March 17, 2021
Continued flight in poor weather claimed four lives in 2019 BC floatplane crash
The Cessna 208 Caravan involved in TSB’s investigation crashed into a hillside in July 2019 about 17 kilometres from its fishing lodge destination. (Photo: TSB)
TSB on March 10 released its investigation report (A19P0112) into a July 2019 controlled flight into terrain occurrence on Addenbroke Island, British Columbia, noting how the decision to continue flying in poor weather led to the fatal accident.
On July 2019,26, at around 9:30 local time, TSB explains a float-equipped Cessna 208 Caravan aircraft, operated by Seair Seaplanes, departed Vancouver International Water Aerodrome, BC, for a visual flight rules (VFR) flight to a fishing lodge near Port Hardy, BC, with one pilot and eight passengers on board. At 11:04 local time, TSB explains the aircraft struck the hillside of Addenbroke Island, 9.7 nautical miles from the destination. The pilot and three of the passengers were fatally injured. Four of the surviving passengers received serious injuries, and one received minor injuries. The aircraft was destroyed.
The investigation found that the flight departed the Vancouver International Water Aerodrome despite reported and forecasted weather conditions that were below VFR requirements near the destination, and that the decision to depart may have been influenced by group dynamics. After encountering poor weather conditions, TSB explains the pilot continued the flight in reduced visibility, without recognizing the proximity to terrain, and subsequently impacted the rising terrain of Addenbroke Island. Although the aircraft was equipped with advanced avionics devices, TSB notes they were configured in a way that made the system ineffective at alerting the pilot to the rising terrain ahead. Additionally, TSB states the pilot’s attention, vigilance and general cognitive function were likely influenced to some degree by fatigue, a key safety issue on the TSB Watchlist.
Although the aircraft was equipped to capture flight data, Seair had not established a flight data monitoring (FDM) program, nor was it required to by regulation. An FDM program can help operators improve operational efficiency and detect safety issues before they cause an accident. If air operators that have FDM capabilities do not actively monitor their flight operations, they may not be able to identify drift toward unsafe practices that increase the risk to flight crew and passengers. The acceptance of unsafe practices is one of the underlying factors identified in TSB’s safety issue investigation Raising the bar on safety: Reducing the risks associated with air-taxi operations in Canada (A15H0001).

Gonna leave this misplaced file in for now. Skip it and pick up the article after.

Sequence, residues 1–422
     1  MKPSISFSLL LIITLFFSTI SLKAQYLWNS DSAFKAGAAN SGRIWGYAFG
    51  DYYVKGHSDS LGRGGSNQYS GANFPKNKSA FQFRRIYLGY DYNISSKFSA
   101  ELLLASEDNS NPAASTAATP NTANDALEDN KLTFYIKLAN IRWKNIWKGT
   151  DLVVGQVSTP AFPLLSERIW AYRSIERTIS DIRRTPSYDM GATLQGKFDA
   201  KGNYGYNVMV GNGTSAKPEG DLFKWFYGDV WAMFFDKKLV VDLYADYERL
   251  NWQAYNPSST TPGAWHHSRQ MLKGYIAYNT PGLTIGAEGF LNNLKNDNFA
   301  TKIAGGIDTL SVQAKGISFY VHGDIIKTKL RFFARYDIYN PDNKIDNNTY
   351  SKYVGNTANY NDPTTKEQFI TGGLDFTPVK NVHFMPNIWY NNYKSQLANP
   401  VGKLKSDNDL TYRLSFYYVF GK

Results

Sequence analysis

TSB notes, however, air operators are not alone in monitoring for safe operations; and that role of the regulator is to ensure that operators are capable of managing the risks inherent in their operations, that measures to enhance safety are working effectively to identify hazards and mitigate risks, and that any non-compliance with regulations is addressed promptly and corrective action is taken. Following this occurrence, TSB notes Transport Canada (TC) did not conduct any reactive surveillance, initiate new surveillance activities, escalate upcoming surveillance activities, or conduct targeted or compliance inspections. If TC does not apply sufficient oversight of operators, according to TSB, there is a risk that air operators will be non-compliant with regulations or drift toward unsafe practices, thereby reducing safety margins. Regulatory surveillance is also a key safety issue on the TSB Watchlist.
Following the occurrence, TSB explains Seair contracted an aviation consulting company to conduct an operational and maintenance review, updated its standard operating procedures to highlight the limitations of the autopilot system, and added an acceptable use policy on personal electronic devices in the cockpit.
For a full report and conclusions visit TSB’s investigation page.